Daisuke Motoki (Photo: FIBAA)
So, if you can’t find many German MBA programs in the international rankings yet, where can you go to find out which programs are good?
Try the Foundation for International Business Administration Accreditation (FIBAA), which has been accrediting business programs in German-speaking countries since 2002. We spoke to Daisuke Motoki, head of accreditation procedures at FIBAA, about German MBA programs and how prospective students can use the FIBAA website to inform themselves.
Will some German MBA programs become “household names” internationally, like IMD or INSEAD?
I think so. Some of the schools, like Mannheim, GISMA, and WHU-Kellogg are already strong, internationally-oriented programs. First of all, they are taught completely in English, which is basically a prerequisite to be able to attract international students, as well as an international faculty. International orientation is of course not only of interest to foreigners; many Germans are also very interested and attracted to programs with this strong international focus.
Well, you can’t knock ’em for lack of ambition. Founded by 25 German corporations in 2002, the European School of Management and Technology (ESMT) wants to be the “INSEAD in Germany,” and they want to get there fast. We asked ESMT MBA Director Francis Bidault about the school’s plans and the German MBA market.
Francis Bidault (Photo: ESMT)
How would you assess the German MBA market right now?
There are lots of programs that are called MBA. The vast majority are either in German or bilingual. But only a handful are in English, and can really claim to be international. I could mention 10 or 15 names, and when we look at those programs that market themselves internationally – we are talking about 10 or 12, not more.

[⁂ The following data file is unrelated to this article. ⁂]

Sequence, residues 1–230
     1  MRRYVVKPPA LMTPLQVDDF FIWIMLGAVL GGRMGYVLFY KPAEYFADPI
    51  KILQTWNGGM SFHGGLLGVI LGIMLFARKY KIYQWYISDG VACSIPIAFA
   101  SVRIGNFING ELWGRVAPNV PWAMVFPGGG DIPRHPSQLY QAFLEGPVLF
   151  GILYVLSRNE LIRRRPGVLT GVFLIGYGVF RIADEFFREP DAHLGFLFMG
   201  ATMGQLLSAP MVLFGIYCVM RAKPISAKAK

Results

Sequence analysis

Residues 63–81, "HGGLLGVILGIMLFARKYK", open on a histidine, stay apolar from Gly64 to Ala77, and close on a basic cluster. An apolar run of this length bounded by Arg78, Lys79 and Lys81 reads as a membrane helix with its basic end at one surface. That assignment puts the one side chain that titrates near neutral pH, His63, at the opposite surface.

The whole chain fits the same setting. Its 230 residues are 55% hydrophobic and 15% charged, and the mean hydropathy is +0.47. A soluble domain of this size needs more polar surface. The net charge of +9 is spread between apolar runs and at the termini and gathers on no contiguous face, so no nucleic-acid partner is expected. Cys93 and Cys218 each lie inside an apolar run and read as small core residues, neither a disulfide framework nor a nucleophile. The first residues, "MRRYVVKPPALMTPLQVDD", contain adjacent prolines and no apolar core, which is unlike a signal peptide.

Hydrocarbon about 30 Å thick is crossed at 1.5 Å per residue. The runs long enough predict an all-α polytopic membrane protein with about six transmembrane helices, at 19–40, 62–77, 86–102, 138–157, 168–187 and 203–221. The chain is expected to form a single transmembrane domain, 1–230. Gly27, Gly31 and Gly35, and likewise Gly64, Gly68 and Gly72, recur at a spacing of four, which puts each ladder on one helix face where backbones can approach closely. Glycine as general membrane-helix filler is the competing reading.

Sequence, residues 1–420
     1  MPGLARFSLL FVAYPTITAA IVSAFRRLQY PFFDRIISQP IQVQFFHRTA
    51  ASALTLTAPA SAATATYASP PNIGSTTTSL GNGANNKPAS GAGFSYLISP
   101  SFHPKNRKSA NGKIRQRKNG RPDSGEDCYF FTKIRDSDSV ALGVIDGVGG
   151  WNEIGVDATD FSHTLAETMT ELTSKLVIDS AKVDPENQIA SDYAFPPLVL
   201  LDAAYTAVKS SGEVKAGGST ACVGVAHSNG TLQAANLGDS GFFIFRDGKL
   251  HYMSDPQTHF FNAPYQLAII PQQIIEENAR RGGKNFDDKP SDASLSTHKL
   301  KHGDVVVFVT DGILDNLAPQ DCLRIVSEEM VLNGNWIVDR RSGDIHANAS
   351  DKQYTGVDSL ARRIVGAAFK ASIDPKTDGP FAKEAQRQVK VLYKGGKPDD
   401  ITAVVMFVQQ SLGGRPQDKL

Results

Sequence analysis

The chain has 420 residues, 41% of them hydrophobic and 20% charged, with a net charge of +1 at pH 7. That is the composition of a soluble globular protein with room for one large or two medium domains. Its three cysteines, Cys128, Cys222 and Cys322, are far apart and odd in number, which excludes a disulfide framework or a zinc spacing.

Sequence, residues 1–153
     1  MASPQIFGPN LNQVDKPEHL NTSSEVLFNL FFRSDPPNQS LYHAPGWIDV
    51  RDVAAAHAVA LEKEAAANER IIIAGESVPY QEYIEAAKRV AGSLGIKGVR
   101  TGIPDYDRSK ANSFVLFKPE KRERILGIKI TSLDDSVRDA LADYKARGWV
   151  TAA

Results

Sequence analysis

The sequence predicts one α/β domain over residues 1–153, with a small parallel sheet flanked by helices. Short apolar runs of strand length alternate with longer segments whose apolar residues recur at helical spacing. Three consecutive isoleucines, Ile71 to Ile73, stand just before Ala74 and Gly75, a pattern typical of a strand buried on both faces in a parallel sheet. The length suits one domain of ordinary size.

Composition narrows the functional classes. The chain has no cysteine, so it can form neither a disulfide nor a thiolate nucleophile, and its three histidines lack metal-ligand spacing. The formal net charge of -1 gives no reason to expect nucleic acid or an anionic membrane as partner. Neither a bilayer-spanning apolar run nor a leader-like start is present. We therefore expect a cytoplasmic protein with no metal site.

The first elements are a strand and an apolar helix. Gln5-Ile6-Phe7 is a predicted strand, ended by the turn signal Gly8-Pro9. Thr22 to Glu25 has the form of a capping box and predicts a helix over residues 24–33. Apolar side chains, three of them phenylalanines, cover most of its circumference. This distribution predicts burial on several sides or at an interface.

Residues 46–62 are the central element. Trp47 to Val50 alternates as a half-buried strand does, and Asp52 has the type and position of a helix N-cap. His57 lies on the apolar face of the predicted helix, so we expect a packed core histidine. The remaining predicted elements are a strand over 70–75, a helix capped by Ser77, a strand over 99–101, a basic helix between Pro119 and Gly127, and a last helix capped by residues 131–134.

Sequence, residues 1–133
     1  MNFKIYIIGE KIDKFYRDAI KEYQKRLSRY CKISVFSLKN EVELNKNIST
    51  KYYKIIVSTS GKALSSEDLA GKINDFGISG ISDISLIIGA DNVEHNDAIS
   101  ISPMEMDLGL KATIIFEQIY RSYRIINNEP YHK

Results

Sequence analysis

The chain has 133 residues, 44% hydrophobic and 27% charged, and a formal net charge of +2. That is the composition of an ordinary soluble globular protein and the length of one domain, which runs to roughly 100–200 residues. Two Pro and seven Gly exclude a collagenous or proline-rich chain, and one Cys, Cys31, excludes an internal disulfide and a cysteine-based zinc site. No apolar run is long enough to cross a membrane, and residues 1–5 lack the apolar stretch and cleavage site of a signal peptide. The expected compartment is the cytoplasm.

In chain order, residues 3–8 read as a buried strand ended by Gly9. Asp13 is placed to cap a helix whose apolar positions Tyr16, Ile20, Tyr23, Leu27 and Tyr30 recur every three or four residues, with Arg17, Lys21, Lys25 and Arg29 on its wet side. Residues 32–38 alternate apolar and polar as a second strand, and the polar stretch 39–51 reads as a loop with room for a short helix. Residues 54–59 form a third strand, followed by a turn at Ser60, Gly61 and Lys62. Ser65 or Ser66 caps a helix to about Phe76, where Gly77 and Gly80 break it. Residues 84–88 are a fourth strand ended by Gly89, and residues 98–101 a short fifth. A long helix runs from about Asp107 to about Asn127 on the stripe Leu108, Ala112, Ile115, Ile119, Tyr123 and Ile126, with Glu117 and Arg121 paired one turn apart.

There are some quite good ones, but they are not yet in the rankings. I’d mention Mannheim, Koblenz (WHU), once in a while you see GISMA or Leipzig, and of course, ESMT. Those are the main names, but of course there are many more.
Hi there! This is the first in our series of interviews on MBA programs in Germany. Torsten Wulf directs the MBA program at HHL Leipzig, one of the top MBA programs in the country. We asked him why German business schools have taken so long to become competitive internationally.
Torsten Wulf (Photo: HHL Leipzig)
When will we start seeing more internationally competitive MBA programs in Germany?
I think that will happen pretty soon. We have a total of around 250 MBA programs. You have the leading schools: HHL, Mannheim, WHU in Koblenz, GISMA, ESCAP-EAP, and then you have a number of emerging ones. ESMT is doing very well right now, and I think in a couple of years they will be a major competitor because there is a lot of money behind it. Frankfurt Goethe Business School is saying that they are going to offer a full-time MBA program from next fall. A couple of the larger universities are considering setting up their own business schools, as Mannheim did. Aachen is doing that and probably Cologne will follow.